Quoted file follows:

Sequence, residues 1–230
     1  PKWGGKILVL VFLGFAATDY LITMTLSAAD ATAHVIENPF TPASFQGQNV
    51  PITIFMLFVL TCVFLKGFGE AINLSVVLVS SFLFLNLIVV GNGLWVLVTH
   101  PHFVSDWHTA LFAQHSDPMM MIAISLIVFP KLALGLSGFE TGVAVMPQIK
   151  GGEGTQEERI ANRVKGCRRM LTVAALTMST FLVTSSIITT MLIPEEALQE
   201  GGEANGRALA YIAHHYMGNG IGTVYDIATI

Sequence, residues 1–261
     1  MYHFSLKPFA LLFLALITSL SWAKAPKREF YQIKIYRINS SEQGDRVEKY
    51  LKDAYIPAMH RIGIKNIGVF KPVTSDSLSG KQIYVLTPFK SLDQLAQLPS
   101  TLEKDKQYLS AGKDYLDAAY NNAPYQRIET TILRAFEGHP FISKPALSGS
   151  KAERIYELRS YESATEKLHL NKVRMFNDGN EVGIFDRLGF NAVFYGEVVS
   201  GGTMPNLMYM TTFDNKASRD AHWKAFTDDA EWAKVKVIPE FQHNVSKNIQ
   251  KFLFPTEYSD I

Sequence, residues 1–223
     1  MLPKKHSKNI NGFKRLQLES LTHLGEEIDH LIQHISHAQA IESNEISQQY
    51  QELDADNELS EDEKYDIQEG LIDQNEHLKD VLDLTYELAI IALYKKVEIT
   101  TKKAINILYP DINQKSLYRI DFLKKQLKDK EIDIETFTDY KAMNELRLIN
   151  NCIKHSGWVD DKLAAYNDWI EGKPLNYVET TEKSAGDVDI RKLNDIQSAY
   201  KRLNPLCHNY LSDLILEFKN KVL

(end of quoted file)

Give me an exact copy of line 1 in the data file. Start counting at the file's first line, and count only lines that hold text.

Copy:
Sequence, residues 1–230